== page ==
Hibbert, Sanders, McDaniels and Dieng should all be owned in 12-team leagues, and Gobert has so much potential that he too should be stashed away despite the onerous presence of Enes Kanter and Derrick Favors. Mozgov is finally blocking some shots, a trend I truly hope continues as he needs to do more than score and rebound to be a well-rounded fantasy asset. I expect Alex Len's minutes to creep north of 20 per game in the near future and it wouldn't be a shock to see him assume the starting center job before the end of the season. He's not necessarily a guy to add right away, but needs to be monitored closely.


K.J. McDaniels and James Johnson aren't surprising to see on this list, and McDaniels has untold upside with a role that should slowly expand as the season continues. I did a double-take when Hairston's name appeared, and we can safely rule him out as a shot-blocker...he had one fluky three-block game on Nov. 5, but has zero blocks in his other four games as a rookie. Just to confirm his lack of shot-blocking appeal I checked Hairston's averages in 32 minutes per game with the D-League's Texas Legends last season -- he averaged 0.4 blocks in addition to 21.8 points, 2.8 triples, 3.5 boards, 0.8 assists and 1.5 steals.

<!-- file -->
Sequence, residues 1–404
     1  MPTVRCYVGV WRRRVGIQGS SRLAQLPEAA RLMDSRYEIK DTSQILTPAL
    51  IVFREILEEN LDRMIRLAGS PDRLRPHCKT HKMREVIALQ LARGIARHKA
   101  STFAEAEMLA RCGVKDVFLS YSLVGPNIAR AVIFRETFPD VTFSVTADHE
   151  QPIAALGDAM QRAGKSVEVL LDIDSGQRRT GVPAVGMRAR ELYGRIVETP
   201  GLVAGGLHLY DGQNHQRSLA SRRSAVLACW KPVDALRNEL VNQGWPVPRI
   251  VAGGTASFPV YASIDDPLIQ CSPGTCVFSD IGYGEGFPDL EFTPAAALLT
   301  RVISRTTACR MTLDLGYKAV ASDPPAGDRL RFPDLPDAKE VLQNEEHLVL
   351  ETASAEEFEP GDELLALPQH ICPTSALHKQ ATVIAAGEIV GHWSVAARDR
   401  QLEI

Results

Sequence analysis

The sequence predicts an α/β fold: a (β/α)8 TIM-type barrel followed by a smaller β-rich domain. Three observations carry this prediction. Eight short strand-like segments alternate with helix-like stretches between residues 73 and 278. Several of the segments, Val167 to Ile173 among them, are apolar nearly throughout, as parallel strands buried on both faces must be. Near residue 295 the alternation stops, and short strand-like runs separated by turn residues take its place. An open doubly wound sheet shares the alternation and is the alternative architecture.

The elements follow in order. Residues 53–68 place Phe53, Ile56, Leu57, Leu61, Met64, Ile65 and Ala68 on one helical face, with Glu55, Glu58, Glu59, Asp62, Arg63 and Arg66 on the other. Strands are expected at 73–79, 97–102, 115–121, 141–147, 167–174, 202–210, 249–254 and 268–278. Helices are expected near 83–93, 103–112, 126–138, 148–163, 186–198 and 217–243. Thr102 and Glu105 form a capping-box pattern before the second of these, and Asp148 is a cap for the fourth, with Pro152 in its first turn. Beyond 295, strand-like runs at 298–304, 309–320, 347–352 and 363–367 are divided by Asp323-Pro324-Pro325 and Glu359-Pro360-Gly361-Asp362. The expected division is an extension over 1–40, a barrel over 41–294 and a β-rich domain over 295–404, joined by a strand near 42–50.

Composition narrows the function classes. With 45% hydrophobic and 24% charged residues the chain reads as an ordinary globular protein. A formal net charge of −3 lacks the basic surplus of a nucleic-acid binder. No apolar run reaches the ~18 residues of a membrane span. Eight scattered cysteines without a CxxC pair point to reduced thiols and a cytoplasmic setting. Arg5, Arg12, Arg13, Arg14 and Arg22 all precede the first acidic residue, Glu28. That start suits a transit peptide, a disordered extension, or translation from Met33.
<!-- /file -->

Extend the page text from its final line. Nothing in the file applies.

Personal Fouls


I thoroughly enjoy the results of this category, which show six players who would theoretically be fouling out a lot if they averaged 40 minutes per game. Take one guess who leads the way, with an adjusted 9.4 personal fouls per 40 minutes. If you said Jusuf Nurkic, you've clearly been reading this column. Yes, the Nuggets' 6'11" center has been hacking his way to glory in his first five NBA games, even fouling out last Wednesday in a mere 13 minutes of action. I'll reiterate that these numbers are based on only the handful of games which have been played in 2014-15, but that doesn't mean Nurkic and the rest of this crew aren't foul-prone. It's no coincidence that the top-20 is weighted toward young PF/Cs.